Presidential Interruptions in Latin America. Concepts, Causes, and Outcomes
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This dissertation deals with executive instability in Latin American presidentialregimes, a phenomenon called Presidential Interruptions. The dissertation analyses 14cases of presidential interruptions in Latin America in the period between 1980 and2005, and aims to enhance the understanding of presidential interruptions, analyse thecauses of presidential interruptions in Latin America, and explore the outcomes ofpresidential interruptions in the region.Conceptually this dissertation situates presidential interruptions as a form of executiveinstability between the democratic breakdown and the unscheduled change ofgovernment in parliamentary regimes. The dissertation compares directly the causesof presidential interruption with the causes of democratic breakdown and finds thatwhile the similarities exist, the differences are stark. This finding seriously questionsthe frequently used analogy between the two types of instability. Furthermore, thedissertation compares the procedures for presidential interruption with the proceduresfor unscheduled changes of government in parliamentary regimes, and shows thatprocedures of presidential interruptions indeed are similar to the procedures used inparliamentary regimes for early executive removal. The differences, on the otherhand, are that in parliamentary regimes these procedures are constitutional andlegitimate, whereas in presidential regimes the extent to which procedures forpresidential interruptions are constitutional and legitimate can be questioned.The causal analysis distinguishes between triggering and underlying causes ofpresidential interruption. Entering the debate of institutions vs. the streets, thedissertation finds that street, or vertical, challenges are the more important triggers ofpresidential interruptions in Latin America, whereas institutional or horizontalconflicts are more important than the vertical or street conflicts as underlying causesof presidential interruption. The distinction between triggering and underlying causesis new, and helps explain the disagreement in this debate among other scholars.Further unravelling the causes of interruptions, the dissertation points to theemergence of new cleavages and social and political groups challenging the statusquo, as important causal factors explaining the occurrence of both challenges topresidents, and presidential interruptions. The dissertation uses both statistical andmore qualitative analytical techniques to support this argument.The outcomes of presidential interruptions, it is argued, depend on the principalcauses for the presidential removal. The dissertation argues that a presidentialinterruption is a way of holding the chief executive accountable for his or her actionsor omissions, and therefore should be understood as a reactive sequence. Inductivelythe dissertation identifies three types of interruptions, and shows through a qualitativecomparative analysis that the outcomes of presidential interruptions depend on theprincipal cause of the interruption, and thus the type of interruption. The three typesare interruptions motivated by: a presidential scandal, a president’s democraticviolation, and a president’s policies.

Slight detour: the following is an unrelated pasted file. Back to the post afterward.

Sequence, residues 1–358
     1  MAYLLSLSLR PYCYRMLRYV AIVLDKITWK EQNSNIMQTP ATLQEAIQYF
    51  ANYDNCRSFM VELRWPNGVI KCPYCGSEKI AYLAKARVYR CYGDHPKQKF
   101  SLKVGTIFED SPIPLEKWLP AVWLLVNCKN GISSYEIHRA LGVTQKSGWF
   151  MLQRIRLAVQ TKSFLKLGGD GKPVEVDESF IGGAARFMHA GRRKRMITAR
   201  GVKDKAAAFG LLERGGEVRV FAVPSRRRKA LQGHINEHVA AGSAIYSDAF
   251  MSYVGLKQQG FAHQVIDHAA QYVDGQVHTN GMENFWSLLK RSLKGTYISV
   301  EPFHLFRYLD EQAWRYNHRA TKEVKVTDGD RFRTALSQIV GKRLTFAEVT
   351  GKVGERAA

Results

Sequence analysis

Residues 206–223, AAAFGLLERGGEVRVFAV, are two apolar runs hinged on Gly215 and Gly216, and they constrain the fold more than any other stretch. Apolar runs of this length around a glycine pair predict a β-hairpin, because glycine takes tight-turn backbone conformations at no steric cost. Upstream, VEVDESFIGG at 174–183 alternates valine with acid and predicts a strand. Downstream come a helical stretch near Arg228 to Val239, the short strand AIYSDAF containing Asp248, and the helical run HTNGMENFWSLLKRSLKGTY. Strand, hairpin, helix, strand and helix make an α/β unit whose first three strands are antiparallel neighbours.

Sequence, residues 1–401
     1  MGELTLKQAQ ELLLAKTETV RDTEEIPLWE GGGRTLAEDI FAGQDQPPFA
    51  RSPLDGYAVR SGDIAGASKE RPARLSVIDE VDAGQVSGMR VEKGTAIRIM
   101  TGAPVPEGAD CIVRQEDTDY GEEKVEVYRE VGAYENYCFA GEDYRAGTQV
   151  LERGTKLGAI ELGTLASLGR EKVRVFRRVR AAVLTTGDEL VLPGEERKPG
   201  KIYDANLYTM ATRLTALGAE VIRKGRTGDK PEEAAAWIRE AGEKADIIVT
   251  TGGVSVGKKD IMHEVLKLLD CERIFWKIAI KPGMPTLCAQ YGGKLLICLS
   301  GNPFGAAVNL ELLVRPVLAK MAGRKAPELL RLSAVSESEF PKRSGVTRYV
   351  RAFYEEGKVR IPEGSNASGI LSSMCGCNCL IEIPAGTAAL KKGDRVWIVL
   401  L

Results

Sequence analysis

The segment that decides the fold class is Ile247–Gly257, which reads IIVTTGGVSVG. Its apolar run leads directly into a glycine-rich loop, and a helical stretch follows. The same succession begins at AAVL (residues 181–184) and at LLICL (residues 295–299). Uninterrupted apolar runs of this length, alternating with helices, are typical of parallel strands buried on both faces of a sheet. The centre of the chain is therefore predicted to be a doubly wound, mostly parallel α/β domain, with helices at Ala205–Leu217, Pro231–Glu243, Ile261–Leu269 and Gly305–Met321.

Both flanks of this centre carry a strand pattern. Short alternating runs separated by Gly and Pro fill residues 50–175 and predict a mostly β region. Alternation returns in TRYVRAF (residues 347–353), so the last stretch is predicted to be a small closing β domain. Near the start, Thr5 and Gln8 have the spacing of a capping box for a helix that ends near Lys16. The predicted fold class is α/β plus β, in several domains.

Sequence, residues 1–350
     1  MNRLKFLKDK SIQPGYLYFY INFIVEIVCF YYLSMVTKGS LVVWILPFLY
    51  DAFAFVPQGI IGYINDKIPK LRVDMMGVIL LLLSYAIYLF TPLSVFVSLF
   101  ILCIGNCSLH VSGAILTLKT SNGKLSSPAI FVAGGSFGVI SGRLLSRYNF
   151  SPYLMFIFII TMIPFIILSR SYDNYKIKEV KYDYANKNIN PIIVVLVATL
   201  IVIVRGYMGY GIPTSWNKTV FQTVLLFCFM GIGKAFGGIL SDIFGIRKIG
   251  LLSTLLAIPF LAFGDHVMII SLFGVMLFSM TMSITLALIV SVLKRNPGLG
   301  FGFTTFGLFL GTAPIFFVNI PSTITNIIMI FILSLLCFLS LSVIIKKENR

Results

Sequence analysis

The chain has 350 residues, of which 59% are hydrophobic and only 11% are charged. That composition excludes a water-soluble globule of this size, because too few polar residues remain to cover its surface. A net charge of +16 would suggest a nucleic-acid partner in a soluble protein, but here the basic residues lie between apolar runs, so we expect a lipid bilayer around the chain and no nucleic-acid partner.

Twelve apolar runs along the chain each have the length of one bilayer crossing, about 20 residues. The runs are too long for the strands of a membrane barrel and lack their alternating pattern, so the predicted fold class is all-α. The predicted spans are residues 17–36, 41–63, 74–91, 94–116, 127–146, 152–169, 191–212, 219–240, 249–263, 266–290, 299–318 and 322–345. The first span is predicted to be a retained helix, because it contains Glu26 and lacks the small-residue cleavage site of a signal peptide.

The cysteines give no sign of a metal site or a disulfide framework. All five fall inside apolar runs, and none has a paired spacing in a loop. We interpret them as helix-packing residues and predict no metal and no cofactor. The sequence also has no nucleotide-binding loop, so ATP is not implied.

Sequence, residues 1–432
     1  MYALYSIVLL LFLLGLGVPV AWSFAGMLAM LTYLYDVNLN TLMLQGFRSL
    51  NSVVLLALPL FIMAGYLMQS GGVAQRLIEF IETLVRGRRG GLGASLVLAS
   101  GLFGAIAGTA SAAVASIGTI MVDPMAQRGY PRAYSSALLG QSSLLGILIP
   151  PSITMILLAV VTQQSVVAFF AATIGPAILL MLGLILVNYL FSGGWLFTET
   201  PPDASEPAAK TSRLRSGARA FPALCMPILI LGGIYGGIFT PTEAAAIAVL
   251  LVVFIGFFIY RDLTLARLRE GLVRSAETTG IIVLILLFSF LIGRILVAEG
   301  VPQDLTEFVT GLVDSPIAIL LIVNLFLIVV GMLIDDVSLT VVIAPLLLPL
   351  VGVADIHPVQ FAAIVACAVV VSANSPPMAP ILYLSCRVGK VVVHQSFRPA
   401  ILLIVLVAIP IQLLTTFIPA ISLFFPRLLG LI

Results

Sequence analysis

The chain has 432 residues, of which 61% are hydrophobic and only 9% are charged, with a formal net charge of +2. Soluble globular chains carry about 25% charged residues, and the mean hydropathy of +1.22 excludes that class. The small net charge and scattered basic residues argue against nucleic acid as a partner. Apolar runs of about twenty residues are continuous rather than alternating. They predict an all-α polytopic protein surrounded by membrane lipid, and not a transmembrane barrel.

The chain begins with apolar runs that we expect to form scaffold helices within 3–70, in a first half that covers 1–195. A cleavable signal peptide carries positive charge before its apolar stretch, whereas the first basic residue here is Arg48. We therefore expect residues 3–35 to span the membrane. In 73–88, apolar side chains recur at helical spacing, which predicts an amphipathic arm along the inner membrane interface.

UtgiverThe University of Bergen
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